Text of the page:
The second half of 2014 was rough. In addition to three hospitalizations in six months, we had what could have been the biggest life-changer to date.
Without getting into too much detail, we learned sometime during the summer that my hubby’s employment situation was going to change at the end of the year. We would either have to move quite far away, or he’d have to start anew.
A lot goes through your mind when your basic means of living is threatened. Of course, my inability to work outside the home, made things more urgent and uncertain. It’s hard putting that burden on one person, to carry all that responsibility.
First, the questions came…
Would we have to move? Would it be far away? Would it be safe (no mold, good air quality)? Would it be private enough where people didn’t hear me cough all night or do my Vest? Would I be able to get my medications, see my doctors or go into the hospital when needed? How far would my husband have to commute? Would we have to go down to one car? How would I get to doctor appointments?
Oh, the range of emotions I went through since then…
I could have obsessed about the unknown. I had a few sleepless nights. I could have cried because I was so scared. I did, a little. I questioned “why” this was happening and other things weren’t. And then I shook myself.
Try as we might, we don’t have as much control over life as we think. I feel like there is an order to life, that some things are meant to happen. Yes, we have free will, but I think the bigger things are kind of etched in wet cement somewhere – waiting for us to eventually get on the path that leads to where we are supposed to land.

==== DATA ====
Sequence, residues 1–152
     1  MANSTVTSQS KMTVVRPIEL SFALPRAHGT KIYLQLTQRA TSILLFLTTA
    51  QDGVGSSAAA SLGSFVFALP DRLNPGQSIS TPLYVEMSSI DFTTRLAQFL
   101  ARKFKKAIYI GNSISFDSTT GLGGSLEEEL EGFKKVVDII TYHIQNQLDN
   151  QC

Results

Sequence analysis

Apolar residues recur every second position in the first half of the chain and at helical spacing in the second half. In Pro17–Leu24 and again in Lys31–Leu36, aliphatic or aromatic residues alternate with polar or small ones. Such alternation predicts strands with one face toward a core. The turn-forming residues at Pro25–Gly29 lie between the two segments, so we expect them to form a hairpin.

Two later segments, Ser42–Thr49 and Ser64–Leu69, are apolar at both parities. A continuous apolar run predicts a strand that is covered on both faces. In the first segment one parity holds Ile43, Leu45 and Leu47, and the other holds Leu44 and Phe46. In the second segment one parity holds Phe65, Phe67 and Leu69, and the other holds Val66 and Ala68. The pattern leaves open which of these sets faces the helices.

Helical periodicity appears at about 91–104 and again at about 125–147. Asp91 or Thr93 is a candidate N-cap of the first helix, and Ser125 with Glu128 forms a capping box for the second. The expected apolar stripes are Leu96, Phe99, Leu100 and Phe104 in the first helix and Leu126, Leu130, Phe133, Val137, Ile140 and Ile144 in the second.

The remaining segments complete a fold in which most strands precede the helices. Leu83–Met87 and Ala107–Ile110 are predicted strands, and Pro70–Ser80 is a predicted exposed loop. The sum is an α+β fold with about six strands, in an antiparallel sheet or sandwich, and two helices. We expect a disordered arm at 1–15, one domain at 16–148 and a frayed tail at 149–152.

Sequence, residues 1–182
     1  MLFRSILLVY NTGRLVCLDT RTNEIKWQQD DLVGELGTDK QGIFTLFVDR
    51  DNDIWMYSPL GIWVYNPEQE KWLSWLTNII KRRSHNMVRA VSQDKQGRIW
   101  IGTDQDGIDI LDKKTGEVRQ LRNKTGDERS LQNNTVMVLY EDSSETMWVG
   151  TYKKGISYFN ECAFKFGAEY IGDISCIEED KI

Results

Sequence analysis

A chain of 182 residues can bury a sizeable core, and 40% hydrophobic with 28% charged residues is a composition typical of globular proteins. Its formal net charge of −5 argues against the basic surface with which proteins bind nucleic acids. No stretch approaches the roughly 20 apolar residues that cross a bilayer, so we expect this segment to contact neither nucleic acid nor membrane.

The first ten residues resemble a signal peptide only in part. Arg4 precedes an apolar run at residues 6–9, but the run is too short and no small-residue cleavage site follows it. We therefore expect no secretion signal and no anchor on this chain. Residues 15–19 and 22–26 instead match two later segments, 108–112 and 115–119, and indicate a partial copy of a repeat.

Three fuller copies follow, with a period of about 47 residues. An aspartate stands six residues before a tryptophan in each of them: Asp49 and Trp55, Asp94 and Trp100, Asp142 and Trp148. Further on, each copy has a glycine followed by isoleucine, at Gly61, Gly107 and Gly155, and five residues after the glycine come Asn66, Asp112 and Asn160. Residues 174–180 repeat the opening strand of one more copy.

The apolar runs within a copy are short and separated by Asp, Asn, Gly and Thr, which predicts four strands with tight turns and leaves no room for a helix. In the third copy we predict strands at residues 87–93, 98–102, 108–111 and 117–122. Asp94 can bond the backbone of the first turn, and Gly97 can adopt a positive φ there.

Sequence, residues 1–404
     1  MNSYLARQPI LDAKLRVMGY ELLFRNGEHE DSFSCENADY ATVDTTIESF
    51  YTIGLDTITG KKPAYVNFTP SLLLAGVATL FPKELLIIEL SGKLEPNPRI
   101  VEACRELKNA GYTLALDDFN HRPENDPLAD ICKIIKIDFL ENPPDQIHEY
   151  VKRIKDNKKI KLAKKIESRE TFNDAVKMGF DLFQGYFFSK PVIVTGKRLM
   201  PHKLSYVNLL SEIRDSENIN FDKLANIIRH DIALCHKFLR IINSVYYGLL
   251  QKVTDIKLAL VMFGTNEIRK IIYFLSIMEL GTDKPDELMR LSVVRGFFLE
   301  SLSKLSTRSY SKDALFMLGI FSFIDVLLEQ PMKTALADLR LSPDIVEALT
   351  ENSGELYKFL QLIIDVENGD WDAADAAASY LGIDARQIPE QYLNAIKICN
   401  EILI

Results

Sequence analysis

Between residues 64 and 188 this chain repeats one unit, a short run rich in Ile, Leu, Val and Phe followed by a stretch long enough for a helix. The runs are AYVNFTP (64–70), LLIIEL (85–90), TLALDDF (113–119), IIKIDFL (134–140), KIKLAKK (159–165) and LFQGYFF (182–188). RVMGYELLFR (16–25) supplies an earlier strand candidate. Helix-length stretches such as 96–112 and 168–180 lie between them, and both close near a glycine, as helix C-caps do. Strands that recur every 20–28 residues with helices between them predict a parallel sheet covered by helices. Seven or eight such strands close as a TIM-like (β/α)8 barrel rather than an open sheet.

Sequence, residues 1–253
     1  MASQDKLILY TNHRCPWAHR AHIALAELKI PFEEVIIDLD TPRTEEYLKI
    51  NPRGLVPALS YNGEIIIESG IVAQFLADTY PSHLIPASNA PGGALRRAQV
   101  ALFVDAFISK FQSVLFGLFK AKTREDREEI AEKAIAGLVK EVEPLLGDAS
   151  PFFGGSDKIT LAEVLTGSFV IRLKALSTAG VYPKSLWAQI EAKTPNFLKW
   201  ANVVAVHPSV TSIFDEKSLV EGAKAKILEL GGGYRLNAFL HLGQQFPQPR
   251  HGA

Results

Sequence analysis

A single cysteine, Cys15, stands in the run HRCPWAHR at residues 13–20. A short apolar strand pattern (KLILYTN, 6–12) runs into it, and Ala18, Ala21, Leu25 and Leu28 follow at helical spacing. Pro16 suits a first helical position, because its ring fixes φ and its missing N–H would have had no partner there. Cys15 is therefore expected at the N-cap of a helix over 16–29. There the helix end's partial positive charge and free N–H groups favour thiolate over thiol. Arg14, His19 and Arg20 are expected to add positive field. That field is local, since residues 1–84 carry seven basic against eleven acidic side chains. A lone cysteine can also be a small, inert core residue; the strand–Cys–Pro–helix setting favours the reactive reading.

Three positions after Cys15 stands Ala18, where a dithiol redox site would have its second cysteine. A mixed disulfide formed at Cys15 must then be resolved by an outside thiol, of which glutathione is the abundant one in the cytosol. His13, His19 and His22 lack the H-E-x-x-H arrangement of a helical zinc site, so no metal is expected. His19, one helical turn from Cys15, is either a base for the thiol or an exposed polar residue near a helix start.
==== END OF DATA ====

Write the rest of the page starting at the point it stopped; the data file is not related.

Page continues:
I learned that I had to have faith:
- In the journey. The process. I can’t think of any path we’ve taken that was smooth and flat.
- In my husband, in his work ethic, his skills and talents, his proven ability to provide on every level, his intelligence and ability to lead us as a family.
- In myself – my skills to keep our home happy and healthy, to support him in his search, be his friend, confidant and sometimes advisor. I had to believe that when a particular opportunity didn’t pan out, that it meant that there was something else more suited for us.
- In my actions. I had to walk the walk, as the saying goes.
Having faith also means that we had to do everything that was in our power, to make rational decisions and get organized. We spent the better part of this time organizing, de-cluttering, and making the house more useful. We donated clothes we never wore anymore, took inventory of every cabinet, closet and storage area, and made dozens of small decisions – all in the name of making life simpler. If we had to make an eventual decision that took us out of our house/area, at least we’d already done all the hard work of paring down.
Not Proselytizing, Just Sharing
I don’t talk about my religious views much, because I don’t think that I need to market any “brand” or faith or belief system. But I absolutely believe in God and I know that life is a brilliant design that we might not ever fully understand. But we’ve learned, time and again, that having faith leads to great personal reward – and I don’t mean finances, status, etc. It’s hard to explain so I’ll just leave it at that.
Having faith made this part of our journey less of a trial and more of another curve in the road. We didn’t stop living because of these huge upcoming changes. We took them day to day, versus boxing it all in a package. This is why and how I can take the lessons we’ve learned and continue to apply them to our lives.
Because who knows what the day will bring? I guess I’ll just have to ask my hubby when he gets home today from his new job. 🙂
Thank you to those of you who have helped me stay sane during this time.